Standard shapes of specimens are used for testing of uniaxial tensile strength of metals. However, direct determination of uniaxial tensile strength of rocks and rock-like materials was often unfeasible because required shapes of specimens are impossible to create by conventional shaping methods. On the other hand high speed abrasive water jets can create various 20 as well as 3D shapes of almost all known technical materials. The first experience obtained in shaping of rock specimens for testing of uniaxial tensile strength using turning by high speed abrasive water jet is discussed in this paper. Comparison of uniaxial tensile strength obtained on rock specimens shaped by abrasive water jet and traditional splitting tensile strength as well as uniaxial tensile strength obtained on rock specimens shaped by conventional method is presented.


At present intense development as well as modernization of laboratory methods of measurement of the rock properties occurs. Higher demands connected with this trend are made both on instrumentation of laboratories, computer and software quality as well as precise preparing of rock specimens for tests.

Information on strength is essential in the rock description. Although the determination of uniaxial compressive strength of rock materials induces no problems (the uniaxial compressive strength test is still the basis of many rock classifications), direct measurement of tensile strength is accompanied by undesirable effects because of problems with forming of test specimens and their clamping to the jaws of press. Relatively complicated shaping and clamping resulted in the past in looking for other solutions of laboratory measurement. One way of solving these problems is the application of indirect method for tensile strength determination - for example Brazilian strength test. In this method compression applied at the platens generates combined tension and compression in the central part of specimen. A crack starting in this region propagates parallel to the axis of loading. Brazilian tensile strength (given by 0.64P / D2, where P is failure load and D platen separation distance) is approximately equal to the uniaxial tensile strength of the rock (Franklin 1989). However, it is only rough method.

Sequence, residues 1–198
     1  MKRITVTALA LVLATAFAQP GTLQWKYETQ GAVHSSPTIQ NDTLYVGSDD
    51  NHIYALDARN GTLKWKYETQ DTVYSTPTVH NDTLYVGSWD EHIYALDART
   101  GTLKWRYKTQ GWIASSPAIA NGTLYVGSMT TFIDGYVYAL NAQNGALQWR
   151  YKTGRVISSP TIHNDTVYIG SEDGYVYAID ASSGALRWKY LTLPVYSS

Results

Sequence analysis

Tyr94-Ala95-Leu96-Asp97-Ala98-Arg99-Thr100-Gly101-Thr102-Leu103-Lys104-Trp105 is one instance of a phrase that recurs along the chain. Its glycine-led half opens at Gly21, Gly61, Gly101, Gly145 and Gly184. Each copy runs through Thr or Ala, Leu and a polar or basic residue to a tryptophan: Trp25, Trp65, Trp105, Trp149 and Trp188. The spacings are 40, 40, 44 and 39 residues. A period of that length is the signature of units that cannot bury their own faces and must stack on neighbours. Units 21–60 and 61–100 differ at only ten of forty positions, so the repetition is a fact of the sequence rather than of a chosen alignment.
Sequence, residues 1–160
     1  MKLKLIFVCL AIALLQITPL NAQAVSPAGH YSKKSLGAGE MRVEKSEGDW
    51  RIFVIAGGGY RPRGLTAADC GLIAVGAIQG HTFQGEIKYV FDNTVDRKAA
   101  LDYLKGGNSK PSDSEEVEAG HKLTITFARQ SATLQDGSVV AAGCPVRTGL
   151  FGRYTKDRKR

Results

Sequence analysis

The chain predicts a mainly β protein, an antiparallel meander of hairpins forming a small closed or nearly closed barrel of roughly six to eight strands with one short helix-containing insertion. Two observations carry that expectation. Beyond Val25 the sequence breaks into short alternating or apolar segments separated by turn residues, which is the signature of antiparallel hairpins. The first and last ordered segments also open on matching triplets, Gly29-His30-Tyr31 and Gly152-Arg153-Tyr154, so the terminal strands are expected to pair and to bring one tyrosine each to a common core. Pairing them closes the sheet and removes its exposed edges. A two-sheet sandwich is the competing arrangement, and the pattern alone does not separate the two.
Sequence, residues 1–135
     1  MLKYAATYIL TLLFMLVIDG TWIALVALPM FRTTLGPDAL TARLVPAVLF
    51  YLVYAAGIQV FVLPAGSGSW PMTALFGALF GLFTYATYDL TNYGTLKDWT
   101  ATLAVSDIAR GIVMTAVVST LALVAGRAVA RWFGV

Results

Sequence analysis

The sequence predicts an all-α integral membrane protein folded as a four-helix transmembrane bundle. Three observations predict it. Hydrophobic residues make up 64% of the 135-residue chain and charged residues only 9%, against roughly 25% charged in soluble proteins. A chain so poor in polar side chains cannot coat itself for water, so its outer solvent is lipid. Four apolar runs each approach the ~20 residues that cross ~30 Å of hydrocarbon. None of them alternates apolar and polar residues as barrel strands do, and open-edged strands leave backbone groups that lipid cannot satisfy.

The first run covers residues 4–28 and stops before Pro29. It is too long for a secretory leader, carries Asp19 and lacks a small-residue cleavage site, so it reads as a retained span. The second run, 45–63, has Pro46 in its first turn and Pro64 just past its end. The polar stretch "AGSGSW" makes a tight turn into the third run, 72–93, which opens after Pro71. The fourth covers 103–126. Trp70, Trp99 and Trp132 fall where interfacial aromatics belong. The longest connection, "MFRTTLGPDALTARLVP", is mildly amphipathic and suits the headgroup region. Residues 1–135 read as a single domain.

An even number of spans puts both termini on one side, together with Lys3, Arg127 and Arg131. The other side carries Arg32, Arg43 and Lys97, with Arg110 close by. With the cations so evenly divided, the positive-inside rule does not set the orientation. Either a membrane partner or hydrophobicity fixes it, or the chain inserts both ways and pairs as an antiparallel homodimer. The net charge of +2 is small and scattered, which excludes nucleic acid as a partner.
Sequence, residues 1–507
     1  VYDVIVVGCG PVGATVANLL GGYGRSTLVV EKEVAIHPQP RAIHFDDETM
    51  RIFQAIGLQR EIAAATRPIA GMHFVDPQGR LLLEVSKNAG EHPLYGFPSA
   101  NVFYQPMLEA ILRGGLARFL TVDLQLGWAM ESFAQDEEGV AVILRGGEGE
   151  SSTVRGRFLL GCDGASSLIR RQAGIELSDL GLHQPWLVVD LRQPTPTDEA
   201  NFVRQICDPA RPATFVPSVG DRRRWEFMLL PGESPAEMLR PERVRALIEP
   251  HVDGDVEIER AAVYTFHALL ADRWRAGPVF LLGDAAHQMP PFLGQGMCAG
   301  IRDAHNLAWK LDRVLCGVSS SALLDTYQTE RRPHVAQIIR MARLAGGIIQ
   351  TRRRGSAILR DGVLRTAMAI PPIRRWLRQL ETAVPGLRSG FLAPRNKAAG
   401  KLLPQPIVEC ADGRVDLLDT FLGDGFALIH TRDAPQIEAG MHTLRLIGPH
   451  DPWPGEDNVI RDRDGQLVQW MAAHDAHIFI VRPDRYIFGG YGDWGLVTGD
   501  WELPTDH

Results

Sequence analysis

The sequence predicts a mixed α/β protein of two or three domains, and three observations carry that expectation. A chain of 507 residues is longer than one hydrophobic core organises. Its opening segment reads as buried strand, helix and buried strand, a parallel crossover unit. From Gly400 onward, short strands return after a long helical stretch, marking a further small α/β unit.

Fortunately, the development of new methods of material separation enables to form standard test specimens for direct tensile strength test from rocks, as well. Recently, non-conventional methods based on different principles of material separation (for instance electrical, optical, chemical principles) are applied more frequently in addition to classical method of separation by mechanical tool, especially for difficult-to- machine materials. In some cases they are the only methods for manufacturing a desired test specimen. The technology of high speed abrasive water jet (AWJ) is also under consideration for such operations.


Effects of high speed water jets during disintegration of materials are well known to technical public. The principle of disintegration is based on high energy transmission to extremely small area. The material destruction is caused afterwards by complicated physical processes during jet impact (see for example Hood et al. 1990, Hlavac 1992, Kim & Labus 1995).

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